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Issue Date:  May 27, 2005

Peacemaker Maas dies at 69

Elmer worked tirelessly to end all war making and bring about total disarmament


Elmer Maas, 69, a musician, teacher, philosopher, civil rights worker and prophetic peacemaker, died of heart failure May 7 in Voluntown, Conn., during the Atlantic Life Community Retreat. On May 14 more than 200 friends and some of his relatives gathered at the Maryhouse Catholic Worker in New York City, his longtime home, for a memorial procession and unforgettable funeral Mass and celebration of his life. I will deeply miss Elmer, a close friend and guiding light to me and so many.

A native of Kansas City, Mo., Maas was a philosophy professor at Juniata College in Huntingdon, Pa., from 1962 to 1968. Deeply influenced by Martin Luther King Jr., he organized students to participate in the 1965 Selma-Montgomery voter registration drive, which involved some of the worst beatings and the most persons jailed in the civil rights movement. A photo taken during this drive, prominently featured in The New York Times and Life magazine, showed Elmer cradling a close friend who had been badly beaten.

Maas helped formed SCORE, the Student Committee on Racial Equality, which worked on antipoverty issues in central Pennsylvania. In addition, he was a leading campus organizer in protesting the Vietnam War. In 1968 his teaching contract was not renewed, despite student protests.

Compelled by a biblical faith and commitment to nonviolence, Elmer worked tirelessly to end all war making and bring about total disarmament. Well known throughout the peace community, he was a member of the War Resisters League, the Isaiah Peace Ministry, the Atlantic Life Community and Kairos/Plowshares New York.

In 1980, he took part in the Plowshares Eight action at a General Electric weapons plant in King of Prussia, Pa. He and seven other peacemakers hammered on the nose cone of a Mark 12A nuclear warhead and poured blood on documents, to enact the biblical prophecy to “beat swords into plowshares.”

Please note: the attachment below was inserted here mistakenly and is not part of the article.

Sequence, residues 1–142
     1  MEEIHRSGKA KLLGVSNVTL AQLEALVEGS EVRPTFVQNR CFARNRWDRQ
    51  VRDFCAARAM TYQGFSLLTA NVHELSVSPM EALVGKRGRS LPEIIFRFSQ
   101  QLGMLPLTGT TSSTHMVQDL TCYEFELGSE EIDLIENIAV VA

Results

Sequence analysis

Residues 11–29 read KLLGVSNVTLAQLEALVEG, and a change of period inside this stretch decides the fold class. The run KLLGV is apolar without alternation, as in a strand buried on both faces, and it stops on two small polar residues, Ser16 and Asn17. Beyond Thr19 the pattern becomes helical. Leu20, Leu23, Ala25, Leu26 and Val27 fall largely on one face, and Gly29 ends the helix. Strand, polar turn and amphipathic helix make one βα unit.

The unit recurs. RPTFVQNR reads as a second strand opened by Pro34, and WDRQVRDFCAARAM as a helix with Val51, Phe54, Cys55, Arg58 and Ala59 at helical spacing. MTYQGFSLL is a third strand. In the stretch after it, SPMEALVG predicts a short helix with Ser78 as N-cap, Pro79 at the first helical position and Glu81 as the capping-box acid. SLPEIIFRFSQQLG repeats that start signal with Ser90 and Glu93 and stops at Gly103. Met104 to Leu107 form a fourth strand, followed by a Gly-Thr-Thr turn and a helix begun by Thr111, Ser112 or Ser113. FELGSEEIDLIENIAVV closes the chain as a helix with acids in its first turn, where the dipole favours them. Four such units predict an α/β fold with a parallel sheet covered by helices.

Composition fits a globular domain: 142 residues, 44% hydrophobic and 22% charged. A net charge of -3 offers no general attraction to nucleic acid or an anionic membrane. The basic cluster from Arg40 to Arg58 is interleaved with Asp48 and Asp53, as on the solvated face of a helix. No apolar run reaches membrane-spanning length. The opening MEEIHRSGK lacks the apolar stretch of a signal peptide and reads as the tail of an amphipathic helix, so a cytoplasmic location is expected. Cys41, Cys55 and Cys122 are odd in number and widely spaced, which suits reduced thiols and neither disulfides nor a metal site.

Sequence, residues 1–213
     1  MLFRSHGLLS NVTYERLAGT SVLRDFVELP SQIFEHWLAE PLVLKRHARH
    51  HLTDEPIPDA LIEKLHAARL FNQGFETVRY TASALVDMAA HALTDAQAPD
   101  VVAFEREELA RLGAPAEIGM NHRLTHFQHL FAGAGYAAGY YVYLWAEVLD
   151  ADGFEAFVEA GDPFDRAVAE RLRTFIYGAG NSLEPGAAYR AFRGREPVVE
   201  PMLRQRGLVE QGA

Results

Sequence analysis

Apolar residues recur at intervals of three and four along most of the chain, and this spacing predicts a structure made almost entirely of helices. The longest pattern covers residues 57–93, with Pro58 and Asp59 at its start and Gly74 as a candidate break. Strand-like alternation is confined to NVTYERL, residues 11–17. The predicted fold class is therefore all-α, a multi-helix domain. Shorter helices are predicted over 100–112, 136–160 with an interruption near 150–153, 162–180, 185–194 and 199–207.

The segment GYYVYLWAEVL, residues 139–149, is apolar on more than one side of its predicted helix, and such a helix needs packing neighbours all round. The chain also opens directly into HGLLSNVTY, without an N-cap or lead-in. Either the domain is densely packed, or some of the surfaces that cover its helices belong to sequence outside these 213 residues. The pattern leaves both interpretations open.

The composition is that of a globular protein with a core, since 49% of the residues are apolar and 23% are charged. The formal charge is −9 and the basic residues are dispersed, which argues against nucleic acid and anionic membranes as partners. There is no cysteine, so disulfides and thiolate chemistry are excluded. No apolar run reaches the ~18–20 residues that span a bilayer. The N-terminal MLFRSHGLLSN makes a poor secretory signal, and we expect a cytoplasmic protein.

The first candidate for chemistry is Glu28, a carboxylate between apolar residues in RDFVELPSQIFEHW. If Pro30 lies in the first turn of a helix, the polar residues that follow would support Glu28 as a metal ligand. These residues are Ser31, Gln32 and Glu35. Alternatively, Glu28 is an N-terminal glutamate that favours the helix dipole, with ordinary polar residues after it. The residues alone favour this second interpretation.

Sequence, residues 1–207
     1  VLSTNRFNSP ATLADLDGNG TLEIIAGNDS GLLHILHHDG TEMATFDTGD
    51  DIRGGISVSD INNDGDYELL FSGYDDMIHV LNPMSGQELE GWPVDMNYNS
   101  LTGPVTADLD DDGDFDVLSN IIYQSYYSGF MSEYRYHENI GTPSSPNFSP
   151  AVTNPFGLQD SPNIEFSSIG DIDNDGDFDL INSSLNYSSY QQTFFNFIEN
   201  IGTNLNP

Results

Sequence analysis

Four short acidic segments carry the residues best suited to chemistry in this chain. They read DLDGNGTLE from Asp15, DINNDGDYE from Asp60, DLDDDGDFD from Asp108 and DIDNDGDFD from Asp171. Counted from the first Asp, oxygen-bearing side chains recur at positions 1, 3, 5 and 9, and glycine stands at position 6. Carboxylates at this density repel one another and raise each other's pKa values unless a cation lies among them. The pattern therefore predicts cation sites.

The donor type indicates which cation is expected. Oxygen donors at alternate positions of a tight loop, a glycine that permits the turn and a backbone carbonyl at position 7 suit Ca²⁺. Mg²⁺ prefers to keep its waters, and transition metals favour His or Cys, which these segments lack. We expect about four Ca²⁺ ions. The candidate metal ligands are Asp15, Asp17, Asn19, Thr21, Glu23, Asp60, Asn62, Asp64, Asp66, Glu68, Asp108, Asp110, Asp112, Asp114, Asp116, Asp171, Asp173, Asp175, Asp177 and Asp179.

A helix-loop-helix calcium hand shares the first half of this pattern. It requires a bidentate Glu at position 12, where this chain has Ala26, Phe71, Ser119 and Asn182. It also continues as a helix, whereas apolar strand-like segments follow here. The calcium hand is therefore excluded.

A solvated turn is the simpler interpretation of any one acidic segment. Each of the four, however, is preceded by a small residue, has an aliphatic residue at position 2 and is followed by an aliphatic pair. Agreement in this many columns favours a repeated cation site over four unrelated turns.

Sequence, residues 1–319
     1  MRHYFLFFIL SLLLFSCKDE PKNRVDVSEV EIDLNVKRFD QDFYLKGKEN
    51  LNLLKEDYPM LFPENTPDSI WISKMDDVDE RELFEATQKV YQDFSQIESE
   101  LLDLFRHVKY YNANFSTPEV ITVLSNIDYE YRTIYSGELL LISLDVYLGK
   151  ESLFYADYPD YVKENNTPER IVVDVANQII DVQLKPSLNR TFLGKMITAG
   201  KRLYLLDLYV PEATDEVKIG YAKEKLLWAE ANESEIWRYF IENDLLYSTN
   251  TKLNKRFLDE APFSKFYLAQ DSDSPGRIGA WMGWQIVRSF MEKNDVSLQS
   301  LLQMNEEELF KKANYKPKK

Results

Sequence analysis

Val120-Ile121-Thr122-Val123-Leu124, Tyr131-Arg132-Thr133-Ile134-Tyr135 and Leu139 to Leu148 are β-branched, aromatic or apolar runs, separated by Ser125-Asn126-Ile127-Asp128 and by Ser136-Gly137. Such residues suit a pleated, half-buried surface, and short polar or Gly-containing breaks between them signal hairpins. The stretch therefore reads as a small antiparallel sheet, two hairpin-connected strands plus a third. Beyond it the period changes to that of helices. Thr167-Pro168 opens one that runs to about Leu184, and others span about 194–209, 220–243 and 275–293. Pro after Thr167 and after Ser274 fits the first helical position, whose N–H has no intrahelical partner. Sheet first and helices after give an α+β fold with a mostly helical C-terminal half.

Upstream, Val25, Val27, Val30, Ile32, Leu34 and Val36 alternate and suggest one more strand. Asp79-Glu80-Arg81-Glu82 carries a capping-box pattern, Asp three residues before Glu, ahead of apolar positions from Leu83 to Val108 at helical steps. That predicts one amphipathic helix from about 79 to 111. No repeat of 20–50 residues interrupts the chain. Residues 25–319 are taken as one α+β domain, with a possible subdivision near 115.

For this action he spent 18 months in prison. He was part of Plowshares disarmament actions in southeast Connecticut involving the Trident submarine in 1982 and 1989. In 1988, he and other activists were jailed for three days in Honduras for a protest at a U.S. military base calling for an end to U.S. intervention in Central America.

Throughout his life, Maas supported Plowshares actions, helped prisoners of conscience and organized and participated in acts of nonviolent resistance.

An extraordinary musician, he co-wrote a musical comedy, “The Insurance Company,” and composed “Dusk Leaves,” which he began in jail. He was an early member of the Peoples’ Voice Cafe and part of the People’s Music Network. Maas was the choir director for the Valley Lodge retirement community for the poor in New York City. His intellectual prowess and love of learning enabled him to master numerous disciplines. He spent his adult life developing an interdisciplinary curriculum focusing on three areas: understanding the dynamics of the U.S. empire and its roots in previous historical periods; unmasking the web of unrestrained power, violence and secrecy of the national/nuclear security state; and tracing the movements of liberation and acts of conscience and nonviolent resistance that represent the hope of freeing ourselves from the bondage of empire.

Maas’ heart was as big as the ocean and his infectious smile and acts of kindness lifted the spirits of all he met. His hospitality was all-embracing. I last saw Maas May 7 at my mom’s funeral in West Hartford, Conn. Little did I know that later that day, Elmer would go home to God in the presence of his beloved community.

Elmer embodied Gospel love and was an inspiring beacon of hope and truth for our world. Deo gratias for Elmer Maas!

Art Laffin is a member of the Dorothy Day Catholic Worker in Washington.

National Catholic Reporter, May 27, 2005

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